Operating Since 1980 Professional, Experienced, Friendly Service Clean, Inspect, Masonry Repair Licensed and Bonded

USED CARS 6098 HWY 2, Priest River, ID 208.290.9132 or 448.0500 Stephen & Cathy Stanley Dealer/Owners


Digital Photos

Dog Boarding


On Budget On Time EVERY TIME!

Stutes Construction

Do-It-Yourself Digital Photo Center 4x6 30¢ 5x7 79¢ 8x10 $249 CD $149


41 Homes built in the city since 1974

509-447-5209 or (509) 671-0171 Lic. # CLARKC*110CG

Owners Bob & Jane Clark Model Home By Appointment



Open: Tuesday - Friday 8:30-5:30 Saturday 8:30-2:00 Closed Sunday & Monday

Specializing in Custom & Log Home Construction “Lodge Logs” Log Home Dealer Foundations, Framing, Siding, Roofing, Decks, ETC.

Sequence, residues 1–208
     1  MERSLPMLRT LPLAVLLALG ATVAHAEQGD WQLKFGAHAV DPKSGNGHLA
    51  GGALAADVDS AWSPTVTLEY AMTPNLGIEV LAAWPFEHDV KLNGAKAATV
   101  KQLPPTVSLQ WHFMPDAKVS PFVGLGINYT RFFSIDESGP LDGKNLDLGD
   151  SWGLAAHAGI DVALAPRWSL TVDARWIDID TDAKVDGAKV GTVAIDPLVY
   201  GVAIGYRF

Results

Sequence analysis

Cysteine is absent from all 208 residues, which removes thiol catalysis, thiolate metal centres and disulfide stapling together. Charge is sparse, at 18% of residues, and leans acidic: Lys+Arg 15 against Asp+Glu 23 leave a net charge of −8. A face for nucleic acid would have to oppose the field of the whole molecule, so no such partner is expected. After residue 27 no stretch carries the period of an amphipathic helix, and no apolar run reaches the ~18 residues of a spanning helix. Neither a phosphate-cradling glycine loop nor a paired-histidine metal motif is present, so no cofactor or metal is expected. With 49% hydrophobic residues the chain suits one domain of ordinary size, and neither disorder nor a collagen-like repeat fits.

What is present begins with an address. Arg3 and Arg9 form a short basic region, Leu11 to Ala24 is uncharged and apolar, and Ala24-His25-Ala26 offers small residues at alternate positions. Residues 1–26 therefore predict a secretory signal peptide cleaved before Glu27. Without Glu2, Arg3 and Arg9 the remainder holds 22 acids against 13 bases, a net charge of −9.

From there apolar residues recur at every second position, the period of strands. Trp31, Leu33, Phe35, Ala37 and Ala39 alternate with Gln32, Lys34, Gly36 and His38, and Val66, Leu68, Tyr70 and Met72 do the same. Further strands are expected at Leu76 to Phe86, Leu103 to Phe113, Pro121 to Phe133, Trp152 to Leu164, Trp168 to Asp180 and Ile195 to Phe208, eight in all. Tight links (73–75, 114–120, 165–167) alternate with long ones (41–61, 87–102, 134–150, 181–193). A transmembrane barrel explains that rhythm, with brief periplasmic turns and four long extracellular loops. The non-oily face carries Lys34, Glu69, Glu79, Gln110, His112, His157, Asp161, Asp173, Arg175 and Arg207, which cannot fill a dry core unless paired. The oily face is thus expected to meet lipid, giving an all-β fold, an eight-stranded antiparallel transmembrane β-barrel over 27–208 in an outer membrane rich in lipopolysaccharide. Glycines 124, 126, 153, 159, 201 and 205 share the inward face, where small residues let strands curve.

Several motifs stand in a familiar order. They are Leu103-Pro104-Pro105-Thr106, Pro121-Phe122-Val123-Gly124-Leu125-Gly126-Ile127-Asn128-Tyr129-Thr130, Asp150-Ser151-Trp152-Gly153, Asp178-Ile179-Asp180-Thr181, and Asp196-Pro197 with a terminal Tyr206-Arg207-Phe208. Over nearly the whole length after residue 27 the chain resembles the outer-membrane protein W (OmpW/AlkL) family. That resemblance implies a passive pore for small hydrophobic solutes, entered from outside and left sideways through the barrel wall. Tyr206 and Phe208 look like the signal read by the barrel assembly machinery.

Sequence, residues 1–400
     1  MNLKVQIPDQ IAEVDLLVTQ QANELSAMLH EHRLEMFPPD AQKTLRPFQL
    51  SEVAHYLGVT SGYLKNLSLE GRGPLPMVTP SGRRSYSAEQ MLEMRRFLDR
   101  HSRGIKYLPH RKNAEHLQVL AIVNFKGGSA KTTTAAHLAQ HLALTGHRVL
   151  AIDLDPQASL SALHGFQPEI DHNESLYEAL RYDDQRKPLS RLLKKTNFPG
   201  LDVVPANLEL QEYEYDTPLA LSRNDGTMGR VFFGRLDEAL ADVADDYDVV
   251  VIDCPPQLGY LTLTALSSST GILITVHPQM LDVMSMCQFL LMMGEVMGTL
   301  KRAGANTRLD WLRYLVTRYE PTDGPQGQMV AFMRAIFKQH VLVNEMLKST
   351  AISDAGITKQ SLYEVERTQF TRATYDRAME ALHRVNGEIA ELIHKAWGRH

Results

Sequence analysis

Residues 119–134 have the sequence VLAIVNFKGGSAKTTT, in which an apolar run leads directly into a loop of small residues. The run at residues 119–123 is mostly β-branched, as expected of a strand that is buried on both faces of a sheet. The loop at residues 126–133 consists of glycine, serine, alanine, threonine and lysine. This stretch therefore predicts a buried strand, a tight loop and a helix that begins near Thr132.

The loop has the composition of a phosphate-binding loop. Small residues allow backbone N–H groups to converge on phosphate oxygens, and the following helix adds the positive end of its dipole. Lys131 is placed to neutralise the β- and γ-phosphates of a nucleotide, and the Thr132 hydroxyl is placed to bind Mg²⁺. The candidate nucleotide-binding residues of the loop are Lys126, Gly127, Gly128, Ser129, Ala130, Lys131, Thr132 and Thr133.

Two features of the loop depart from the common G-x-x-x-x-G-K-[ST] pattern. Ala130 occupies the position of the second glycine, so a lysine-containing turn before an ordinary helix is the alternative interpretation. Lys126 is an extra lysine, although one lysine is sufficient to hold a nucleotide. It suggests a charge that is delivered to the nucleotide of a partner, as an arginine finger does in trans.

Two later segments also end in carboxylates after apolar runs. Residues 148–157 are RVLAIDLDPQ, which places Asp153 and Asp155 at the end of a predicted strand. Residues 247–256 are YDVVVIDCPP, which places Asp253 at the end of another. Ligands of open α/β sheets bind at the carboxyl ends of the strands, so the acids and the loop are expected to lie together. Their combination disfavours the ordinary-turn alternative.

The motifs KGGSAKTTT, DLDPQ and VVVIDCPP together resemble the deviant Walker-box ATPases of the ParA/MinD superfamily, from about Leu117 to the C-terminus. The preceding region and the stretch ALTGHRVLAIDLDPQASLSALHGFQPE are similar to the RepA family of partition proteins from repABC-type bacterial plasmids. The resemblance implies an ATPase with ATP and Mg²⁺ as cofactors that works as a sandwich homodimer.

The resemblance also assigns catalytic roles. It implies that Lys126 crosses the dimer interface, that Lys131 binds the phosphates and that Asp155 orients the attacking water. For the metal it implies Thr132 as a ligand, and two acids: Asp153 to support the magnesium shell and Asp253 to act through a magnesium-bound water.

Jim 208-660-9131 ID#RCE-1494


Flood Services



Floors & More, Inc Husqvarna • Jonsered and Echo Chain Saws 682 High St., Priest River (208) 448-1522

Kevin Johnson 24/7 Emergency Service 208-255-9580

208-448-1869 208-660-4087 Harold Stutes Priest River


Flood Dryout Services Mold Inspection & Remediation Remodeling & Repairs Friendly Pre Purchase Home Inspections Insurance Claims Consulting Brooks Swanson (CMI) (CMRC) General Contractor RCT-13983 ALLAMA5940N5

(208) 448-2950


Mon. - Fri. 9:30 a.m. - 5:30 p.m. Sat. 10 a.m. - 2 p.m.


208-448-2095 100 McKinley • Priest River


509-671-7855 Lic#KARDOP*051K6 KARDOTS055NB

Journeyman Plumber Senior &Vet Discounts

Corner of Hwy 2 & Spokane Ave. (509) 447-2433

(208) 610-5747 (208) 437-0174


CASH REWARD  LEAD ES C I R P P O T  BRASS PAID  COPPER  ALUMINUM  STAINLESS STEEL ACTION Recycling/ Phoenix Metals, Inc. E. 911 Marietta (East of Hamilton) (509) 483-4094 Monday - Friday 8 a.m. - 5 p.m. Saturday 8 a.m. - 4 p.m.




Royal Towing Newport LLC